- WWE owner Vince McMahon launched the XFL as a joint venture with the WWE in 2001
- Years on and his second attempt to revive the league seems to have succumbed to the coronavirus pandemic
- The 74-year old recently placed the second-tier American sports group up for sale
WWE owner Vince McMahon’s XFL league recently filed for bankruptcy barely months into its inception due to the coronavirus outbreak.
The eight-team professional football league which was master-minded by the WWE mogul, only recently had to scrap the rest of the fixtures of the season.
Further reports indicate that with no end in sight to the coronavirus menace, McMahon is already looking for a new buyer of the league which is proving too challenging to sustain in the current conditions.
Alpha Entertainment, which is the company owning the third tier league, confirmed the move in a statement on Friday, April 10.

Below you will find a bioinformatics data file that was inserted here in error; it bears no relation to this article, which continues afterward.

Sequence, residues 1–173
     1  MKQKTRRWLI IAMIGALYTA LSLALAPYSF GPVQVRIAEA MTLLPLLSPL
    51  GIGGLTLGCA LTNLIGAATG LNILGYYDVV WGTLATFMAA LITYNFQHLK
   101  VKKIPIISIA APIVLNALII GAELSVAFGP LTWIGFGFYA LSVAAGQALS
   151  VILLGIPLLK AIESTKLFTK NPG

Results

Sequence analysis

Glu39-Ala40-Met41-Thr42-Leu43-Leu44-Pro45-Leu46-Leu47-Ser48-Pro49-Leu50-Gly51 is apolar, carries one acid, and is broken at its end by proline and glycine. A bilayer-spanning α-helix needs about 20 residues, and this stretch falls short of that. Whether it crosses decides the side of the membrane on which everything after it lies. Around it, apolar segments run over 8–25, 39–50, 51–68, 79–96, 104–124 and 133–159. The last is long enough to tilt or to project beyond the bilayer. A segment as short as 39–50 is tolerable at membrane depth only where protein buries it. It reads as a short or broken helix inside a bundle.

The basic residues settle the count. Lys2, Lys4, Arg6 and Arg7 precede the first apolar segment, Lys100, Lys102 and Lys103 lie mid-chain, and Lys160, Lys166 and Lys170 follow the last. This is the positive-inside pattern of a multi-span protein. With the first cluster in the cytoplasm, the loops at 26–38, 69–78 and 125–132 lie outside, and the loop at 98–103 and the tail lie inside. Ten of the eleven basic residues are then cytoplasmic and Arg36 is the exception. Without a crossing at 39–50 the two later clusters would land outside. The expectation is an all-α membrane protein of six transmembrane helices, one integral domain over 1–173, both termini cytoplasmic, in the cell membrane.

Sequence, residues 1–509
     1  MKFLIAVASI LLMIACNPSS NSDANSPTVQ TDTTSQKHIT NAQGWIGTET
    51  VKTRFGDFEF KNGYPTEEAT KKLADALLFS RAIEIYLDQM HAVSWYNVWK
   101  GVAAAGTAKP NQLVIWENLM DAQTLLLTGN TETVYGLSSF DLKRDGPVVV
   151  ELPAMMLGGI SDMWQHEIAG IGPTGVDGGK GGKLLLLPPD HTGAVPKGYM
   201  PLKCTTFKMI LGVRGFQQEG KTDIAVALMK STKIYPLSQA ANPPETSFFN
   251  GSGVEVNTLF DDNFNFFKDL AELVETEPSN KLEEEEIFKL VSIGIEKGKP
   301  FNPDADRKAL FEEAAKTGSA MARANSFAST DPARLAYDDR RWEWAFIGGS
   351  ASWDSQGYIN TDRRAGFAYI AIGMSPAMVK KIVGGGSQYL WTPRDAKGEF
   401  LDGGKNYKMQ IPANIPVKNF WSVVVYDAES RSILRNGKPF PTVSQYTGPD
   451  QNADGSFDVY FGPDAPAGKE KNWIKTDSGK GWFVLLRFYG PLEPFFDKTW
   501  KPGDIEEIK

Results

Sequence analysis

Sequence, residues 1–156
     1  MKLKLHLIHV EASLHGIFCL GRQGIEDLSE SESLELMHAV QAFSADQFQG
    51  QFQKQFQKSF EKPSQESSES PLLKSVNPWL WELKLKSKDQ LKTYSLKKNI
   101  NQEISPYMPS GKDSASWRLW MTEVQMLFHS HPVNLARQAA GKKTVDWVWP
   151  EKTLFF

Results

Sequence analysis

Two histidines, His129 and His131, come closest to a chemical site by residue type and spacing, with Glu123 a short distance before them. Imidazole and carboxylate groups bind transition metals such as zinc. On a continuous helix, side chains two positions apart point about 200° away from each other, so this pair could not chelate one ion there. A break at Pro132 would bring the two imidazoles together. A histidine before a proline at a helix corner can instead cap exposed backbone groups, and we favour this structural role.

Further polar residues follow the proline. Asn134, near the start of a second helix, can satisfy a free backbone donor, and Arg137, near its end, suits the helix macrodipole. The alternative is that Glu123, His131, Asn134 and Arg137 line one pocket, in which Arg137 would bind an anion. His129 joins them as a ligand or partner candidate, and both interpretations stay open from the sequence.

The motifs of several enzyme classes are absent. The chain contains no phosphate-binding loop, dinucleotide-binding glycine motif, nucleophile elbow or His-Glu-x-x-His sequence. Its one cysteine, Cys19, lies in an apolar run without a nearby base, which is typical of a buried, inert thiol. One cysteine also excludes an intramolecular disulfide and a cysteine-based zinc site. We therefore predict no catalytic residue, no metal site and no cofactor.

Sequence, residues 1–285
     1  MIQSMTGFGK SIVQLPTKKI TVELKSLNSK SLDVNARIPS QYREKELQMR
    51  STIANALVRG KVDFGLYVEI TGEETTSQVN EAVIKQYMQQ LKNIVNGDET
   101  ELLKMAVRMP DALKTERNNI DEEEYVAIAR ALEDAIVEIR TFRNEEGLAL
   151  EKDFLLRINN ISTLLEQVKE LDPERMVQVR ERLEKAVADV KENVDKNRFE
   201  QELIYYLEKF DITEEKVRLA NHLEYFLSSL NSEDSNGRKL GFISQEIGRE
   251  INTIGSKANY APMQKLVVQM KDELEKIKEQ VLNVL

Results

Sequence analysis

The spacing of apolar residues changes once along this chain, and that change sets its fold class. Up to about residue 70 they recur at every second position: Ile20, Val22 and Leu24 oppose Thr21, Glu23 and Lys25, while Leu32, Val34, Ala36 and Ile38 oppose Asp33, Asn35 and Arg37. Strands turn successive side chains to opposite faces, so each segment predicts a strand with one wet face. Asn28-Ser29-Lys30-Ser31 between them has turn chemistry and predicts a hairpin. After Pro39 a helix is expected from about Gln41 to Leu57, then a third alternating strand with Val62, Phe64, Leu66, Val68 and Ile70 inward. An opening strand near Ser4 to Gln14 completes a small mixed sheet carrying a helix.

Staff had been laid off while operations remained suspended as the company struggles to keep itself afloat amid the ongoing pandemic.
On Monday, a statement from the league attempted to shed more light on the current plight.
"The XFL quickly captured the hearts and imaginations of millions of people who love football. Unfortunately, as a new enterprise, we were not insulated from the harsh economic impacts and uncertainties caused by the COVID-19 crisis,” the statement read as seen by Sunsport.
This was McMahon’s second attempt to take on a football venture and once again, it is proving unsuccessful.
The league was shut down in April as was the case with various sporting activities across the world and it was believed that everything would go back to normal in 2021 earliest.
But bankruptcy might mean the XFL’s fate could be all but sealed at this point.
The retired wrestler initially launched the XFL as a joint venture with the WWE in 2001 but at the time, it flopped after just one season, but McMahon did not give up on the idea
Meanwhile, Legit.ng had earlier reported that WWE been have been in operation since the global pandemic and Mayor of the Orange County has declared them an essential business.
The pro-wrestling organization have been making use of their performance center located in the state to hold their RAW, SmackDown and recently Wrestlemania 36 events.
And Demings has gone on to defend the WWE on why they have allowed them to stay while other businesses have been shut down.
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